Jeong creates hyperrealistic paintings based off of Greek sculptures, friends, family and his favourite actors. His first works were those close to them, and then moved onto the ancient Greeks. Jeong has been inspired by not only the human body, but also nature as you should study nature to study the imperfections of the human body. The classical arts of the Greeks idealises the human form, but Jeong brings that down and scatters it in the world of the real by making it human.
He explains his work as a simulcarum – an image or an effigy that represents or imitates something or someone and is largely regarded as distorted, inferior and an imperfect copy. This has now moved into the term of hyperreality – the confusion as to which an individual cannot determine what is real and what is fiction. People often ask him why he paints hyperrealistically when you can just take a photograph of that thing with a camera. This is the wrong definition of hyperrealism and how mistaken they are – it is a artistic reflection of hyperreality (the experience). Because the paintings are so realistic, and you are confused whether you are looking at a photograph or a painting, you experience in that split second the hyperreality that is the basis for hyperrealism.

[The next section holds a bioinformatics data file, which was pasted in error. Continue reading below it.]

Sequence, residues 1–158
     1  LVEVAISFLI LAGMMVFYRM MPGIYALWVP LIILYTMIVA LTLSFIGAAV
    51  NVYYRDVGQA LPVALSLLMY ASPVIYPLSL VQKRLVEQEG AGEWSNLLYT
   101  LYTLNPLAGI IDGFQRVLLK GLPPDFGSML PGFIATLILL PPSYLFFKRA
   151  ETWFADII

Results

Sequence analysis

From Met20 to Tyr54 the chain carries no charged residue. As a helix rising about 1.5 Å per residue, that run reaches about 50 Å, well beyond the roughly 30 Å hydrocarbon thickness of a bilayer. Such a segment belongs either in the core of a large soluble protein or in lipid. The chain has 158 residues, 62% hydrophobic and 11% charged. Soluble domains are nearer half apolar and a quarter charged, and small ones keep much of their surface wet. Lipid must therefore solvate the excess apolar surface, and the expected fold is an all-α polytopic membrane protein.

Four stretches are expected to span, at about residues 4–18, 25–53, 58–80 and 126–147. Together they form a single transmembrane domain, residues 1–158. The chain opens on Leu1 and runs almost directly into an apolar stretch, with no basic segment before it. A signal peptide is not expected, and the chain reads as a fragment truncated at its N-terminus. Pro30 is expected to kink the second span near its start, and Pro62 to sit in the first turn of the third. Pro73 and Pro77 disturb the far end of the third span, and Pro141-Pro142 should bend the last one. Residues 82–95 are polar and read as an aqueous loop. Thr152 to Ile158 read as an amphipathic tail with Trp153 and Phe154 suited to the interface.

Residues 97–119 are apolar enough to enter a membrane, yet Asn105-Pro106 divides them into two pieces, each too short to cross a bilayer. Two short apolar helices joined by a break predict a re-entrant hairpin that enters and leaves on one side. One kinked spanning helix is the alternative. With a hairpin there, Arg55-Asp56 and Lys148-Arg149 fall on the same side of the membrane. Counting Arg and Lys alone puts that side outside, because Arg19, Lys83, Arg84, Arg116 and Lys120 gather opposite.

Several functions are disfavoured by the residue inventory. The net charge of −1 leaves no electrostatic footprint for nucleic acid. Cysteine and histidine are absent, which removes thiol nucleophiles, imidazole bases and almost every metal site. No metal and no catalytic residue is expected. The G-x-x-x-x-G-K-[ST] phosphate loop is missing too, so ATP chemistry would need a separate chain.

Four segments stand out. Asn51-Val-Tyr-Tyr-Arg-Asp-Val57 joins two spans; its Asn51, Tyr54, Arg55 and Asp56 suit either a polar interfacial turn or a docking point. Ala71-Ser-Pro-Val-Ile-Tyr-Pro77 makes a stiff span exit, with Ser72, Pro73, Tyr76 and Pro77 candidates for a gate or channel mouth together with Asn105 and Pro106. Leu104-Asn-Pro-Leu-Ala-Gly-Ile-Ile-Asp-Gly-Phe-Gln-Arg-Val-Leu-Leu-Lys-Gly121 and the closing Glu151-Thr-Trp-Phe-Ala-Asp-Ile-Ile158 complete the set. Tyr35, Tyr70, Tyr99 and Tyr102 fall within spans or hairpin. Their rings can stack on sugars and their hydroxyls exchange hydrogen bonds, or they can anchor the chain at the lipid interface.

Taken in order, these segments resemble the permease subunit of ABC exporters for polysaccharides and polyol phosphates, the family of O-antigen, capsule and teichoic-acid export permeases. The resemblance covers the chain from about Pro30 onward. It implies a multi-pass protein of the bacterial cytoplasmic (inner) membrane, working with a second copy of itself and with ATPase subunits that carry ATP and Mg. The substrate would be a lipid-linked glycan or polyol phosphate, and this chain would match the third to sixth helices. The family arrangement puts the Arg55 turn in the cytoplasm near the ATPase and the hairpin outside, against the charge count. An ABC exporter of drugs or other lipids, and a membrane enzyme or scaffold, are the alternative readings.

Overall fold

I enjoy hearing Jeong talk about his work as he wants people to know that his work is not perfect, because humans are not perfect. Although, when we view his works, we believe that is is perfect, we only believe that because of the immense detail in the paintings. I enjoy viewing the process and the final product of the Greek statues all the way to the paintings. I also aspire to create paintings in this way (hyperrealistically) in order to breach that confusion myself.